According to Haaretz, citing two senior diplomats, Saudi King Salman told the Trump administration that Riyadh wouldn’t support its plan for Israeli-Palestinian peace if it didn’t include a Palestinian capital in East Jerusalem.
“They told the administration, ‘what we could do for you before Jerusalem, we won’t be able to do now’,” a diplomatic source told Haaretz, referring to the US’ recognition of Jerusalem as the capital of Israel and the relocation of its embassy from Tel Aviv.
Over the weekend, Reuters reported that King Salman had reassured the Palestinian Authority President Mahmoud Abbas of his support. The Palestinian ambassador to Riyadh, Basem Al-Agha, was cited as saying that the king told Abbas, “We will not abandon you… We accept what you accept and we reject what you reject.”
The Saudi authorities have yet to comment on the reports.
The new Saudi approach to the Mideast plan contradicts previous media reports over the past year that Riyadh has been voicing a willingness and readiness to endorse the Trump administration’s “deal of the century,” promoted by the president’s senior adviser Jared Kushner and envoy to the Middle East Jason Greenblatt, even if it was unacceptable to the Palestinians.
In June, Israel’s Hayom daily reported that Saudi Arabia, the United Arab Emirates, Egypt and Jordan had given the green light to the US plan regardless of the PA’s boycott and rejection of Washington’s mediation role in the wake of Trump’s decision to recognize Jerusalem as Israel’s capital.
At the same time, Kushner claimed that the peace plan would be revealed “soon,” adding that he was ready to cooperate with Abbas to work out the deal.
“If President Abbas is ready to go back to the negotiating table, then we are ready to participate in the discussion, but it that’s not the case, then we are going to make the plan public,” he said, adding that the PA’s president was “scared we will release our peace plan and the Palestinian people will actually like it.”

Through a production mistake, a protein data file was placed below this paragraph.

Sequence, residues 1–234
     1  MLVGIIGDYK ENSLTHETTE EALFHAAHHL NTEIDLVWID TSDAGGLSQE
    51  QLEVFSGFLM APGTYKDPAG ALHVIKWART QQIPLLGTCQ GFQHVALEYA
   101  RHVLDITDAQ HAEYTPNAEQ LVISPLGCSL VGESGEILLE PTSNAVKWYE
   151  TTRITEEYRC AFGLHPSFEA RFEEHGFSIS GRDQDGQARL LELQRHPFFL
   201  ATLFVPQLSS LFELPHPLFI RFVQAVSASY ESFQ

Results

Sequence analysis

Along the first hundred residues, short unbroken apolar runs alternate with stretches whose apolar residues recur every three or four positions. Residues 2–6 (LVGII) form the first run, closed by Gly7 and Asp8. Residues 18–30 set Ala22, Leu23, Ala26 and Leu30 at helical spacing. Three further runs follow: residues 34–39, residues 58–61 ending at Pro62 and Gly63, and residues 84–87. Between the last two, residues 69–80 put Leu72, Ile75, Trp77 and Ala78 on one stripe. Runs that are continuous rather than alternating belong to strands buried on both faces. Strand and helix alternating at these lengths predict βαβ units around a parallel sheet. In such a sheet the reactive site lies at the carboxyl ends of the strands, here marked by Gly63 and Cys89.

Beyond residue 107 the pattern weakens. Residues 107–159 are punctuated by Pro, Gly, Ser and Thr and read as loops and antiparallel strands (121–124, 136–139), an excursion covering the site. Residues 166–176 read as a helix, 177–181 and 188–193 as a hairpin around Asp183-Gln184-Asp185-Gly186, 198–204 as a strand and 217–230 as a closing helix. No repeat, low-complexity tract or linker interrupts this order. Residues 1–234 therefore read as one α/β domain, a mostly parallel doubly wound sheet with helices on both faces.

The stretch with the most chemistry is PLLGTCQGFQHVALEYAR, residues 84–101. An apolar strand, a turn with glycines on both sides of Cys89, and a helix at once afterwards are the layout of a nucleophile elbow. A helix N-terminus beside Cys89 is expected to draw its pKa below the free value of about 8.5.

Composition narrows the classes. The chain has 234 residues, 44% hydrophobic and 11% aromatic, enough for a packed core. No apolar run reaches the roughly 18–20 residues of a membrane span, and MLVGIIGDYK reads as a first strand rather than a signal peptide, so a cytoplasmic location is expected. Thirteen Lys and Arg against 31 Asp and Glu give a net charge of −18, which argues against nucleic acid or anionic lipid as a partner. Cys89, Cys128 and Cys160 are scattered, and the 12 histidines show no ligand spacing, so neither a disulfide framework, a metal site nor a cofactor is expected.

Israeli intelligence website DEBKAfile suggested in May that the US-devised plan would give the Palestinians limited sovereignty over about half of the Israel-occupied West Bank and pronounce the village of Abu Dis, east of Jerusalem, as their capital. Throughout history, Palestinians have considered East Jerusalem as the capital of their future state.
According to a June report by Haaretz, a group of Arab nations warned Washington against unveiling the peace plan, saying that it could engender yet more turmoil in the region.
“If the administration presents a plan without Jerusalem and without the refugees it will be an earthquake whose repercussions will undermine stability in the entire region and no one is ready for that,” the outlet reported, citing a source familiar with the situation.
In December 2017, Donald Trump announced his decision to recognize Jerusalem as the capital of Israel and move the US diplomatic premises to the city, sparking a new wave of violence on the Israel-Gaza border. His move received a fierce backlash from most Muslim nations, as well as countries, backing a two-state solution to the conflict.